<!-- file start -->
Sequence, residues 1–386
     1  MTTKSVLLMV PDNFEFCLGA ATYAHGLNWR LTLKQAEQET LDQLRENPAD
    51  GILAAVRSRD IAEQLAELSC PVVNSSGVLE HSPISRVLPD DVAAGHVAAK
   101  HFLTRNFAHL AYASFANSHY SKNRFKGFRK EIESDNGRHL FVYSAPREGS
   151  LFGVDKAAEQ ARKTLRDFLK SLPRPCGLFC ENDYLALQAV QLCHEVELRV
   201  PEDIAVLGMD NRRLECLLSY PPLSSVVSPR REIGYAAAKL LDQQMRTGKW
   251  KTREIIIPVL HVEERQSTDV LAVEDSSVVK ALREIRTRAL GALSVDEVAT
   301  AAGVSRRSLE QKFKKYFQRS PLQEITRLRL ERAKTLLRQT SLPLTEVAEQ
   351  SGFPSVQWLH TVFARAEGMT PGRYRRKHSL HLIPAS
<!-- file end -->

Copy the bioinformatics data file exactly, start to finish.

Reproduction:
Sequence, residues 1–386
     1  MTTKSVLLMV PDNFEFCLGA ATYAHGLNWR LTLKQAEQET LDQLRENPAD
    51  GILAAVRSRD IAEQLAELSC PVVNSSGVLE HSPISRVLPD DVAAGHVAAK
   101  HFLTRNFAHL AYASFANSHY SKNRFKGFRK EIESDNGRHL FVYSAPREGS
   151  LFGVDKAAEQ ARKTLRDFLK SLPRPCGLFC ENDYLALQAV QLCHEVELRV
   201  PEDIAVLGMD NRRLECLLSY PPLSSVVSPR REIGYAAAKL LDQQMRTGKW
   251  KTREIIIPVL HVEERQSTDV LAVEDSSVVK ALREIRTRAL GALSVDEVAT
   301  AAGVSRRSLE QKFKKYFQRS PLQEITRLRL ERAKTLLRQT SLPLTEVAEQ
   351  SGFPSVQWLH TVFARAEGMT PGRYRRKHSL HLIPAS